Anger Yields Anger, Wisdom Yields Patience
By Rick Warren
“A person’s wisdom yields patience; it is to one’s glory to overlook an offense.” Proverbs 19:11 (NIV)
Hurt people hurt people.
When someone hurts you, it’s because they’ve been hurt. Unkind people don’t feel kindness themselves. Unloving people feel unloved.
When someone is rude, bitter, unkind, sarcastic, mean-spirited, or arrogant, they are shouting with all of their behaviors, “I am in pain! I need massive doses of love! I do not feel secure!”
Secure, loved people don’t act that way. The person who feels deeply loved and deeply secure is generous and gracious to other people.
So how should you respond when someone hurts you? For many people, the knee-jerk response is anger.
Here’s a widely held belief: You have only a set amount of anger in your life. When that “bucket” of anger is full, you need to pour it out—to express your anger. Then, when the bucket is empty, it will be cathartic.
If you believe that, you’ll struggle with anger for your entire life. The truth is that you don’t have just a bucket of anger. You have an entire anger factory! That factory can keep on producing and producing and producing. When you get rid of the anger you have, you’ll get more. In fact, the more anger you throw out, the more it produces.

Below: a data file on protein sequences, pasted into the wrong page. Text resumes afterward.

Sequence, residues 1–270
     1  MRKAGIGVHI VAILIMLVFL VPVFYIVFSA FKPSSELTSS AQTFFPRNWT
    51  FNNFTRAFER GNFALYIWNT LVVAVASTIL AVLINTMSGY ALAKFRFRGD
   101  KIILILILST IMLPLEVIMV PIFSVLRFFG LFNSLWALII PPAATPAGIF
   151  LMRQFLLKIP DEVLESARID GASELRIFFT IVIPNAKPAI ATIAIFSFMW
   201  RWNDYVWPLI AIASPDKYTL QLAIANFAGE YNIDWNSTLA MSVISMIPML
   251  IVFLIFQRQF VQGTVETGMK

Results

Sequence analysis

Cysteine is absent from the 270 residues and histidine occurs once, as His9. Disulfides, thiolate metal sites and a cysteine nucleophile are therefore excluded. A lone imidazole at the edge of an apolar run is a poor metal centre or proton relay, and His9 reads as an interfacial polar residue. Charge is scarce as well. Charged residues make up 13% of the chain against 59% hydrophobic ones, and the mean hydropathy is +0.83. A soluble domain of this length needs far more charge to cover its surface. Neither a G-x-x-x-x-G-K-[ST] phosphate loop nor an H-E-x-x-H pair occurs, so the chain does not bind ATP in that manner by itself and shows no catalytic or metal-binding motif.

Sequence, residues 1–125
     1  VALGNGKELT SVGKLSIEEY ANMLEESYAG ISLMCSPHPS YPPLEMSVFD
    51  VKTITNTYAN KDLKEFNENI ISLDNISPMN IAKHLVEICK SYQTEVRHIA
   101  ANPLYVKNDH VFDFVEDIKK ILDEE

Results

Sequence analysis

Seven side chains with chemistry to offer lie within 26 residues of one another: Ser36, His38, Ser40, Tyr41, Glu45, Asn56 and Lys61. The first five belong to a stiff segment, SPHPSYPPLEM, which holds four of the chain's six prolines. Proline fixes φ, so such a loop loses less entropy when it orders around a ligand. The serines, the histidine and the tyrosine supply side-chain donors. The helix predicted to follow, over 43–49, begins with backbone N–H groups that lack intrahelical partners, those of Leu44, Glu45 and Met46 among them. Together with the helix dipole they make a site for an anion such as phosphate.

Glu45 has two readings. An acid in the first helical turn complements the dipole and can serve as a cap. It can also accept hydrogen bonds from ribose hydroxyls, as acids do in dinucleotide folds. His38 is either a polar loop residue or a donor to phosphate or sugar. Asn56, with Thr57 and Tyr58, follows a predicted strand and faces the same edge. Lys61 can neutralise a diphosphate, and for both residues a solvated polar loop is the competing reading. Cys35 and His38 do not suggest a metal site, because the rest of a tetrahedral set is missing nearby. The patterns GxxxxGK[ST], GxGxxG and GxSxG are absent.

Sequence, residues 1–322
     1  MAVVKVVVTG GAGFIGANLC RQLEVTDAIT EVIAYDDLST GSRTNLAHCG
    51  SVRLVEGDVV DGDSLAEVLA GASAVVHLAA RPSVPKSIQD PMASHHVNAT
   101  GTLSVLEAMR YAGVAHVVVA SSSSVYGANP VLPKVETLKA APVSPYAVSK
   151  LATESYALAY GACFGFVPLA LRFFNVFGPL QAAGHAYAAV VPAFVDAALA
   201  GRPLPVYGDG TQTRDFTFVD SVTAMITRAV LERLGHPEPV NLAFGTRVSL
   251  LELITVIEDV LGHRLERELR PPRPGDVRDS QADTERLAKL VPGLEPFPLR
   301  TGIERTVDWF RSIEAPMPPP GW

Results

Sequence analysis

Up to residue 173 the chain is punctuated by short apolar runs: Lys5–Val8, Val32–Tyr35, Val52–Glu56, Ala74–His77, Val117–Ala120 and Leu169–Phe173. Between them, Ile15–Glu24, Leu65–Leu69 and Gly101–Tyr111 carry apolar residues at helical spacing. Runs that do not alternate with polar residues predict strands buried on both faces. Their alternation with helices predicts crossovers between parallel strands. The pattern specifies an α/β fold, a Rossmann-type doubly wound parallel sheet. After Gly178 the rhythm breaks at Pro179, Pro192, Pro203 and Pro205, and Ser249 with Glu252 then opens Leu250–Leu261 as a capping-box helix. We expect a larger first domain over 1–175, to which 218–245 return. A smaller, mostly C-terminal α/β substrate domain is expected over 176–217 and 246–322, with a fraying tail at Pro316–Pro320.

Study after study has shown that aggression only creates more aggression. Angry outbursts lead to more anger, and soon anger becomes your habitual pattern.
So you can’t just pour your anger out; that anger bucket will just refill. Instead, you need to let it go.
Proverbs 19:11 says, “A person’s wisdom yields patience; it is to one’s glory to overlook an offense” (NIV).
When your goal is to just get even, you’re no better than your opponent. To respond wisely instead, overlook offenses. Look past a person’s words to their pain. Offer love and patience.
The American poet Edwin Markham wrote a short poem that goes like this: “He drew a circle that shut me out—heretic, rebel, a thing to flout. But Love and I had the wit to win: We drew a circle that took him in!”
When someone hurts you, you have a choice. You can respond in anger, which will only create more anger. Or you can respond wisely in love, overlooking offenses and overcoming evil with good.
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This devotional © 2018 by Rick Warren. All rights reserved. Used by permission.
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